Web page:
Australian lawyer well-being: Workplace demands, resources and the impact of time-billing targets

Bergin, Adele J. and Jimmieson, Nerina L. (2013) Australian lawyer well-being: Workplace demands, resources and the impact of time-billing targets. Psychiatry, Psychology and Law, 21 3: 427-441. doi:10.1080/13218719.2013.822783


Author Bergin, Adele J.
Jimmieson, Nerina L.
Title Australian lawyer well-being: Workplace demands, resources and the impact of time-billing targets
Journal name Psychiatry, Psychology and Law   Check publisher's open access policy
ISSN 1321-8719
1934-1687
Publication date 2013-07-30
Year available 2013
Sub-type Article (original research)
DOI 10.1080/13218719.2013.822783
Open Access Status Not yet assessed
Volume 21
Issue 3
Start page 427
End page 441
Total pages 15
Place of publication Oxon, United Kingdom
Publisher Routledge
Language eng
Subject 2738 Psychiatry and Mental health
2734 Pathology and Forensic Medicine
3201 Psychology (miscellaneous)
3308 Law
Abstract The purpose of the present study was to examine the types of workplace demands and resources experienced by full-time Australian lawyers, and the prevalence of a range of psychological outcomes. The study further focussed on the impact of time-billing targets on lawyers’ experience of these variables. Participants were 384 full-time Australian lawyers who completed an online questionnaire distributed by their Australian State or Territory Law Society. Analysis revealed that emphasis on profits within the workplace was the highest perceived demand, and the perception of social value in their work was the highest available resource. The results indicated that 37% of participants displayed Moderate to Extremely Severe depressive symptoms, and 35% were a positive screen for hazardous or harmful drinking. A series of three multivariate analyses of variance revealed significant differences between non-billers, low-to-moderate billers and high billers, with high billers experiencing greater demands, fewer resources and poorer psychological outcomes. The practical applications of these results for the legal profession are discussed.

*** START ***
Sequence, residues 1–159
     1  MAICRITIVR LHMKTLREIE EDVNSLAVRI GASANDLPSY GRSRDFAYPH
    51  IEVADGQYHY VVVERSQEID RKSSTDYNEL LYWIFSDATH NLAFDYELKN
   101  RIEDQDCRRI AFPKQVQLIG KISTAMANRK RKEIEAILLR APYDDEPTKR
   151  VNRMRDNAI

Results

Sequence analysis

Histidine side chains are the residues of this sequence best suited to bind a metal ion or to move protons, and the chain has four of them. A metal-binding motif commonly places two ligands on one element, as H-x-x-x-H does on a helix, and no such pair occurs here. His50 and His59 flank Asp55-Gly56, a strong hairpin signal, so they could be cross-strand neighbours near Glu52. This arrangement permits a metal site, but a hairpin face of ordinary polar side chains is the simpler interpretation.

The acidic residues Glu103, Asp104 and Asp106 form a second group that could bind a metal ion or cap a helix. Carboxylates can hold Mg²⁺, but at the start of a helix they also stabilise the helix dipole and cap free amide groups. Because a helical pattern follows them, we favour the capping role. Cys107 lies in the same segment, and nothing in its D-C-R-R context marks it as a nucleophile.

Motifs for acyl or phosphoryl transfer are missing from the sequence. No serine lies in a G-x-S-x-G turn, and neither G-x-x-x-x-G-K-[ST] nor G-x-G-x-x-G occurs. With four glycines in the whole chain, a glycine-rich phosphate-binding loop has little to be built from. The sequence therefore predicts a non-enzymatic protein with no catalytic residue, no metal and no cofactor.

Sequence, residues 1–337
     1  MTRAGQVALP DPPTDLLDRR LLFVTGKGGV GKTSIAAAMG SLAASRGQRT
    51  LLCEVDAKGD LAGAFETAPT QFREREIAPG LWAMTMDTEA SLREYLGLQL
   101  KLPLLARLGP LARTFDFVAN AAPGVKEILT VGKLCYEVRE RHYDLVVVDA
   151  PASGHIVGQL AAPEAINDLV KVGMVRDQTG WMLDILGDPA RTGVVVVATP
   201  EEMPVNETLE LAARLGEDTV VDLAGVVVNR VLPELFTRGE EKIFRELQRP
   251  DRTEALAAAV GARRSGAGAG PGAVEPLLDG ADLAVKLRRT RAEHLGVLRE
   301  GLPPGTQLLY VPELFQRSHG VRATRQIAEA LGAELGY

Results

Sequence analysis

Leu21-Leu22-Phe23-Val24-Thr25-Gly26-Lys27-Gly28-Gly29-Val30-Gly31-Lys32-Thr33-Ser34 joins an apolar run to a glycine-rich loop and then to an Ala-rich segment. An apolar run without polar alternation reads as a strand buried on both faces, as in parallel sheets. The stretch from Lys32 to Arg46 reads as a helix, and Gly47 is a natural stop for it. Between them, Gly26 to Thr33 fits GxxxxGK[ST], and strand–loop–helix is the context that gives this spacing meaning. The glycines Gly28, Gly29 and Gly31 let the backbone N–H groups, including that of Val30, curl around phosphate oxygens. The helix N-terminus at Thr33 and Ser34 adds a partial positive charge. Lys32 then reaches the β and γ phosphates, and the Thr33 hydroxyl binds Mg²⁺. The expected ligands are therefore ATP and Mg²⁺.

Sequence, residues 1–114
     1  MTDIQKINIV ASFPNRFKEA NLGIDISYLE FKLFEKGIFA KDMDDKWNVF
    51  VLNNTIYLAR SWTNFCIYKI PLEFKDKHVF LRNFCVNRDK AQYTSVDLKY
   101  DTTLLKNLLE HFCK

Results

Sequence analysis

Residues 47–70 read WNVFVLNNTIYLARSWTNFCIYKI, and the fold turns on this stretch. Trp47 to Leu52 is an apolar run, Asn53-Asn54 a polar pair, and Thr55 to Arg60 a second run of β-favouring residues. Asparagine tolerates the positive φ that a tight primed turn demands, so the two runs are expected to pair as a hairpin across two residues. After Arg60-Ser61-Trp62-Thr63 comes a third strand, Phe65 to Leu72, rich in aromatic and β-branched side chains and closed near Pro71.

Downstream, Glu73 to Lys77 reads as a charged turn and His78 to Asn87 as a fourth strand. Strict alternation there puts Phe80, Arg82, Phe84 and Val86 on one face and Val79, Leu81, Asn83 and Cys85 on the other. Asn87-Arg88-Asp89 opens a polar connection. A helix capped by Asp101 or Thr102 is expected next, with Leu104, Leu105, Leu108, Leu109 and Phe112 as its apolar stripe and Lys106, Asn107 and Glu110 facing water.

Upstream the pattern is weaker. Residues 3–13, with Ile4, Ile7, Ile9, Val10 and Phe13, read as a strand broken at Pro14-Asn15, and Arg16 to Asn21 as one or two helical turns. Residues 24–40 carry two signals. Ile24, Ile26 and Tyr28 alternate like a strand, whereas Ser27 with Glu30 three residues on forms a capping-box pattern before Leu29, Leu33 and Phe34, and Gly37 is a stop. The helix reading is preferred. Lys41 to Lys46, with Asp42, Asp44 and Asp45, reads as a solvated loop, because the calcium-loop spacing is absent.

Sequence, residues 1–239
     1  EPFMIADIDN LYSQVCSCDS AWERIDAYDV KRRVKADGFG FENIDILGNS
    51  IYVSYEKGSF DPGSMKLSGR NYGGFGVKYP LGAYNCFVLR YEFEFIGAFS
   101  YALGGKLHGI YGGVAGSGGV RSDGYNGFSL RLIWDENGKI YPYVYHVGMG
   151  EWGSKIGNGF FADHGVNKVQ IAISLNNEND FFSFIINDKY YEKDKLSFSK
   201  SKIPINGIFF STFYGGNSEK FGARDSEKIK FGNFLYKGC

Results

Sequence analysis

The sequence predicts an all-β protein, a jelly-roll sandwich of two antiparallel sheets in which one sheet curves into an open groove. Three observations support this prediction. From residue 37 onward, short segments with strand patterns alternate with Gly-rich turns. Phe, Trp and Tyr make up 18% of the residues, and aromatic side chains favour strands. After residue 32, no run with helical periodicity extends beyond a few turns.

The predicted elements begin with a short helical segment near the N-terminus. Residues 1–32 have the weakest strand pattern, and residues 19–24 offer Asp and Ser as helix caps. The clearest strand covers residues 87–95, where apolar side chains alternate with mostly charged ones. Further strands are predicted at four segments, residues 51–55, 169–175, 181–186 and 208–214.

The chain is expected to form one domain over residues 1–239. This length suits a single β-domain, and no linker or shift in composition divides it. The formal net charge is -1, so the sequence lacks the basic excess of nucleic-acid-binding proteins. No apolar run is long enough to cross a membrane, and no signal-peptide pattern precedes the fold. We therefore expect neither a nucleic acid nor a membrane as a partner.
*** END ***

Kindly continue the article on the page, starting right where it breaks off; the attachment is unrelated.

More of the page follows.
Keyword Alcohol misuse
Anxiety
Demands
Depression
Job dissatisfaction
Lawyers
Resources
Stress
Time-billing
Q-Index Code C1
Q-Index Status Confirmed Code
Institutional Status UQ
Additional Notes Published online ahead of print 20 July 2013.

Document type: Journal Article
Sub-type: Article (original research)
Collections: Official 2014 Collection
School of Psychology Publications
 
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Created: Tue, 01 Apr 2014, 03:14:39 EST by Mrs Alison Pike on behalf of School of Psychology